Feeling Depressed? Here’s How Medicare Can Help.

Feeling Depressed? Here’s How Medicare Can Help.

Article by Teresa Greenhill

Depression is extremely common in older adults. According to some statistics, approximately two million seniors in the United States live with depression. Fortunately, once you recognize the symptoms, you can ask for help. And if you have Medicare, many of the services you need are covered. Keep reading for insight on mental health, Medicare, and how to find services that can help lift the burden of sorrow off your chest.

What Is Depression?

Depression is a feeling of sadness that sticks with you even when you should feel happy. And it is not always easy to spot. Some people experience depression all the time, while others only present with mood disorders during the winter months. Symptoms of depression range from insomnia and fatigue to feelings of worthlessness and despair. Often, there is no single source of anguish that triggers depression. In seniors, however, it is often the result of a loss of independence or, as Nurse Next Door points out, because of loneliness and isolation.

How Medicare Can Help.

If you are age 65 or older and enrolled in Medicare Part B, you are already entitled to many mental health services. Medicare.gov lists psychiatric evaluation and medication management among these. Medicare Advantage plans often offer even more in the way of mental health. Providers such as Humana have wellness programs built into their insurance structure. Medicare Advantage plan can cover everything from psychiatric visits to follow-up care provided by a clinical social worker. Mental health counseling is often also included.

If you believe that you may need mental health services, but your current Medicare plan does not cover everything you require, you have the option to change your coverage starting on November 1st (through December 15th for the 2020 coverage year). In addition to mental health benefits, many Medicare Advantage providers are adding to their wellness programs with things like nicotine replacement therapy, massage therapy, and caregiver support.

What Services Do I Need, And Where Do I Find Providers?

Depression screening starts with your primary care physician. During your annual wellness visit, they will ask about your mental health and habits. If they believe you are at risk, they may refer you to a specialist for further care. Be aware, however, that not all health practitioners accept Medicare or Medicare Advantage, and it is your responsibility to confirm their acceptance.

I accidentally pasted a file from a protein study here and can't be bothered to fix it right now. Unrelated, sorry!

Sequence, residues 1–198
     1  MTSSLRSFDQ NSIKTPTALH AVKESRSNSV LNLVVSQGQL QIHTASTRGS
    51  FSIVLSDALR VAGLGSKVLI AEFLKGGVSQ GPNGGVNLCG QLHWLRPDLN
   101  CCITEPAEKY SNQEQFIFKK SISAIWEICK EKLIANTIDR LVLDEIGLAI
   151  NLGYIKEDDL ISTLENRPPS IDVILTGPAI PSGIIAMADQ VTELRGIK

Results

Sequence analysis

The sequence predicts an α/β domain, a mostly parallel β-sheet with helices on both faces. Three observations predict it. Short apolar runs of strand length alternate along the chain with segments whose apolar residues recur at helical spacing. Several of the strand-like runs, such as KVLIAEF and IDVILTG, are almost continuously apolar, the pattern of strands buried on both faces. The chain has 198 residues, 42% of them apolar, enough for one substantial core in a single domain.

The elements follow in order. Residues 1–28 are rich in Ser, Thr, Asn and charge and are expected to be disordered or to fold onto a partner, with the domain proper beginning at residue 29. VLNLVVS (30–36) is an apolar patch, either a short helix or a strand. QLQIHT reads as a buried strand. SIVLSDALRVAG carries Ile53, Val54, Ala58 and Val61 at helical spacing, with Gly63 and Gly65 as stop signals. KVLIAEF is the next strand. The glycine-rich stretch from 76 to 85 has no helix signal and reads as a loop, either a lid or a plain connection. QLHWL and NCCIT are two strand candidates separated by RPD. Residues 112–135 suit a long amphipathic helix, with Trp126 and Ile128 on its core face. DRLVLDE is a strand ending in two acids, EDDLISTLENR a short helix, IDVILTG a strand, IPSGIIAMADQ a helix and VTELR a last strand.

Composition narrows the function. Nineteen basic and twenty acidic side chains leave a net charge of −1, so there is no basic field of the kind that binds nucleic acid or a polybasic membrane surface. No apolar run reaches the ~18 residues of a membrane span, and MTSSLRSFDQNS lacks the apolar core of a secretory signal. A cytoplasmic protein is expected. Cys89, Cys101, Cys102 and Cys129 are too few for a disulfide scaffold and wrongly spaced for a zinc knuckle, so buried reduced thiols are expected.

Your best option when looking for providers is to check your plan’s website or contact your preferred office or health clinic directly. They will ask you for the information on your Medicare card and will let you know if they accept this as payment.

The type of services you need depends on your situation. Some seniors find that outpatient counseling is sufficient. Others, however, need intense, in-patient services that can only be handled at a live-in facility. Behavioral therapy, antidepressant drugs, and even a new diet and exercise plan may be part of your recovery solution. If you are currently being treated for other health conditions, your doctor and/or pharmacist will also look at your medication list to see if you are taking a prescription known to cause depression. CNBC reports that more than 200 prescription drugs that treat everything from stomach acid to high blood pressure actually contain a depression and suicide side-effect warning.

You do not have to suffer from depression, nor should you when you are in the prime of your life. Your retirement is a time to sit back and enjoy all that you’ve accomplished in your six-plus decades of life. Remember, Medicare is a valuable tool in the fight against senior mental health disorders, but it only works if you use it.


Image via Pixabay

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